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EDITIONS
 Wednesday, 8 January, 2003, 06:39 GMT
Korea vows to protect its boom
South Korean strikers
Korea's current boom is fragile, the government fears
South Korea has unveiled measures to protect its economy from the threat of friction with North Korea and the fall-out from any war against Iraq.

The programme, released ahead of a planning meeting for economic ministers, aims to bolster corporate investment while curbing household debt.

It is also designed to ready the economy for foreign exchange volatility and a surge in the price of oil.

The finance ministry is to loosen its purse strings, while stepping up its intervention in the currency and commodity markets, and says it remains confident of keeping annual economic growth above 5%.

But analysts have criticised the plan, arguing that it is insufficiently detailed, and that it underestimates the external risks faced by the Korean economy.

Spending and saving

"Domestic consumption has recently weakened and external conditions for our exports have become greatly uncertain," the finance ministry said in a statement.

"Therefore, we need policies aimed at boosting investment to prevent domestic demand from cooling further and sapping the economy's growth potential."

The commerce ministry said last week the country's top 200 manufacturing companies were planning to boost capital spending by more than 10% this year.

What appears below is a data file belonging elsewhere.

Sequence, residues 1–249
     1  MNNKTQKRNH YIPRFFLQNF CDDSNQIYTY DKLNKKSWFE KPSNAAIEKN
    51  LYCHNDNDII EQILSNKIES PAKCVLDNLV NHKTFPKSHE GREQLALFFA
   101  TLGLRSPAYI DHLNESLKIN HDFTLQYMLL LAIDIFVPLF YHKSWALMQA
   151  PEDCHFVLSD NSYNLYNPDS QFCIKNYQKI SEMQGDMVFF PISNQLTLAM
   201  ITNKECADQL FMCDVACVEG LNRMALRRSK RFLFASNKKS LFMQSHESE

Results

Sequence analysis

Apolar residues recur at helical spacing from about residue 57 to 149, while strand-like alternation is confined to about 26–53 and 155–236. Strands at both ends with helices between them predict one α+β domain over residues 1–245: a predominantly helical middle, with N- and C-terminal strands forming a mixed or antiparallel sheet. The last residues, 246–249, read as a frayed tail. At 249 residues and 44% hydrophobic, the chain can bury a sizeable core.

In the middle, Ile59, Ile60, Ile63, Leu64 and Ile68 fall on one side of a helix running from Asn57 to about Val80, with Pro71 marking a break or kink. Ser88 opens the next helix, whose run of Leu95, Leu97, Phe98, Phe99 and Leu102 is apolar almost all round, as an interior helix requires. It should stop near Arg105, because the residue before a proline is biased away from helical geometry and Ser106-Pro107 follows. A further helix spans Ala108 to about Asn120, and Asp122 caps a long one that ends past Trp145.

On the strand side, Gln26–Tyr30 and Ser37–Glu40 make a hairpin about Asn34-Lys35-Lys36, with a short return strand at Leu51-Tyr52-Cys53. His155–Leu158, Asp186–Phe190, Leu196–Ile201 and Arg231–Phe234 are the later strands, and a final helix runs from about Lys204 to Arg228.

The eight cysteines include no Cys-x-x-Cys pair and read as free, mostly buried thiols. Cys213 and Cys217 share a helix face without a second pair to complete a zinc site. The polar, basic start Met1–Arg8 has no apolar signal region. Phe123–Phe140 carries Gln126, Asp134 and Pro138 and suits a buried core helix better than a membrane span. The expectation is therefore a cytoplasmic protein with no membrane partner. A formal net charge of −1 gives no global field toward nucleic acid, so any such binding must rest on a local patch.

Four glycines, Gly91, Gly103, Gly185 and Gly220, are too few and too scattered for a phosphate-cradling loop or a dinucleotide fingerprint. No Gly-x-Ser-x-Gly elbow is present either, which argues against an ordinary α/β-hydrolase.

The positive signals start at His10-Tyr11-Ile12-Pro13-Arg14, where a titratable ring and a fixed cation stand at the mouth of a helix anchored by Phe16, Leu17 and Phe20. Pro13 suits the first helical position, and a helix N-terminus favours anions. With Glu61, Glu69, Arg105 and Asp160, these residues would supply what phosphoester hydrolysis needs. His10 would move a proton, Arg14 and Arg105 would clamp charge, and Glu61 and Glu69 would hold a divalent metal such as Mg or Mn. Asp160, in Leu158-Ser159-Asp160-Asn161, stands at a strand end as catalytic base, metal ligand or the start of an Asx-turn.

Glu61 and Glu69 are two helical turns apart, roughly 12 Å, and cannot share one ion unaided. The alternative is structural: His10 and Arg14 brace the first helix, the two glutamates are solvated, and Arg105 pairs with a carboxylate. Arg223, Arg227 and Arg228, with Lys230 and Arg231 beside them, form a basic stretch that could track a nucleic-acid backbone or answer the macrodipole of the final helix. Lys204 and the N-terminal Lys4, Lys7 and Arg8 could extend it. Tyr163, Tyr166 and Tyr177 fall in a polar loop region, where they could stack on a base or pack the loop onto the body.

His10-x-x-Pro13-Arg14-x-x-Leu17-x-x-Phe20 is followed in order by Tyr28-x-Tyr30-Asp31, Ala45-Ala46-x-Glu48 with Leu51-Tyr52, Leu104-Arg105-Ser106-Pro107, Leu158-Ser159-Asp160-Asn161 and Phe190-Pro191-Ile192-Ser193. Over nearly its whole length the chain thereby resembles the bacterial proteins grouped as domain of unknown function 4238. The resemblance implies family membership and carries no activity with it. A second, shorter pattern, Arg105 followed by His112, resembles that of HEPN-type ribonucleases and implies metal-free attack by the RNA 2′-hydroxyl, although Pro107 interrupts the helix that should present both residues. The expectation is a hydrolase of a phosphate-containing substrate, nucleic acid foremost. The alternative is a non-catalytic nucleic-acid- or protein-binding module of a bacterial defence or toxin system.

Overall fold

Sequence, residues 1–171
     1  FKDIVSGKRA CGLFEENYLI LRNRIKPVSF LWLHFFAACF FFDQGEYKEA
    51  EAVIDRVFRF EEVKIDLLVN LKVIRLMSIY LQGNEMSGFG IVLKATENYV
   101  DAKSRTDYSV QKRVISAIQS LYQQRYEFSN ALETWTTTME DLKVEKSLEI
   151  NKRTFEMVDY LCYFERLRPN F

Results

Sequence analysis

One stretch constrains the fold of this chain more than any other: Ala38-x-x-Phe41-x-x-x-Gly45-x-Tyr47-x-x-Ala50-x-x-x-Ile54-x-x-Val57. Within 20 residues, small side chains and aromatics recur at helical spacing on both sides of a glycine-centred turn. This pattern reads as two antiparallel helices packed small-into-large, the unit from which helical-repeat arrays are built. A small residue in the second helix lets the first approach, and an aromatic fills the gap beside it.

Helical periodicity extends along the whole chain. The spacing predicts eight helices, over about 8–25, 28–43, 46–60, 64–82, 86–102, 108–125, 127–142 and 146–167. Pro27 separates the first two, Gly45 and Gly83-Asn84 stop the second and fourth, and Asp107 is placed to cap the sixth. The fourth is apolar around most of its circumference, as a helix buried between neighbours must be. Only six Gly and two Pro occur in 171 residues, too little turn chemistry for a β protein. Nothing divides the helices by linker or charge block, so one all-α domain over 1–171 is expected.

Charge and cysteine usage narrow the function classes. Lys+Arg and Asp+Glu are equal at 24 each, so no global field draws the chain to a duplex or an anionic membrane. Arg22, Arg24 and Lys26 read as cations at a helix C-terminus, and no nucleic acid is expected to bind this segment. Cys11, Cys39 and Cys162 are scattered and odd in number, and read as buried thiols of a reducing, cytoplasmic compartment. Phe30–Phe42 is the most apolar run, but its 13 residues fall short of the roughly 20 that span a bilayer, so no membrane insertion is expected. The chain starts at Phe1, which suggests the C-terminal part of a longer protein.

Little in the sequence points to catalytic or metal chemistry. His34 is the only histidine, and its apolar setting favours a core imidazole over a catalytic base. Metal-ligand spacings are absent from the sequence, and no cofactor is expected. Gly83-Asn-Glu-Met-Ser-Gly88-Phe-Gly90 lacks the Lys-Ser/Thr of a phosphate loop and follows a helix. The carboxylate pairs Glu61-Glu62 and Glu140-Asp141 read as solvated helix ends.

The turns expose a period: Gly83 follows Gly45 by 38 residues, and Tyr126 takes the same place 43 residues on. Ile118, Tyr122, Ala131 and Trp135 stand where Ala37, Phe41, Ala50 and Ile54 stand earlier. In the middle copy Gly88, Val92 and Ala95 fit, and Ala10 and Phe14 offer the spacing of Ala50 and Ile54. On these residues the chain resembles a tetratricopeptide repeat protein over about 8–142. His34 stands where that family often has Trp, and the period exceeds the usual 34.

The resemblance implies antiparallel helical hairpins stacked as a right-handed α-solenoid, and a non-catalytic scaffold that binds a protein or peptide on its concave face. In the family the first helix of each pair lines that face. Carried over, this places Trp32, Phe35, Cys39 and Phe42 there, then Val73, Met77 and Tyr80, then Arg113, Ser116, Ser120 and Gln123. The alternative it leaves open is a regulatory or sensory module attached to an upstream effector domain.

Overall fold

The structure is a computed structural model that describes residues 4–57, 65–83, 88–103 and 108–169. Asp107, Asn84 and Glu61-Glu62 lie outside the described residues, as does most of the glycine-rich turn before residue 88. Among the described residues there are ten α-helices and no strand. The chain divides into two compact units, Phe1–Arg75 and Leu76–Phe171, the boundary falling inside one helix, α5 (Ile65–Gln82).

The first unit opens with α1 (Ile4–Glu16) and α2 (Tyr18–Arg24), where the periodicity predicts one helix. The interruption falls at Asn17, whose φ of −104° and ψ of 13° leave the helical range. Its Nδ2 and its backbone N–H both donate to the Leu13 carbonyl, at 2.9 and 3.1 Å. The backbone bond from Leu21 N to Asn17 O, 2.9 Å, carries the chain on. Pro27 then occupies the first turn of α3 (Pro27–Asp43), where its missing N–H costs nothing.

It has also argued that investment is the best way of underpinning South Korea's recent economic revival.

At the same time, the government is to increase its supervision of the consumer loan sector, which has boomed in recent years thanks mainly to low interest rates.

Although Korean personal debt is very low by international standards, ministers are concerned that it could eventually prove a source of instability.

Too little, too late?

Not everyone was impressed, however.

"The economic plan seems to be based on an optimism that uncertainties surrounding North Korea and the Middle East would go away soon," said Lee Soo-hee, an economist at Korea Economic Research Institute.

"In addition, it lacks details on what to do in case the dollar weakens against other major currencies more steeply than thought."

South Korea is highly reliant on imports of industrial commodities, especially oil, and is therefore vulnerable to any crisis in the Middle East.

And recent signs that communist North Korea is stepping up its controversial nuclear programme have sparked further fears of instability in the region.


Nuclear tensions

Inside North Korea

Divided peninsula

TALKING POINT
See also:

03 Jan 03 | Asia-Pacific
31 Dec 02 | Asia-Pacific
29 Dec 02 | Asia-Pacific
18 Dec 02 | Business
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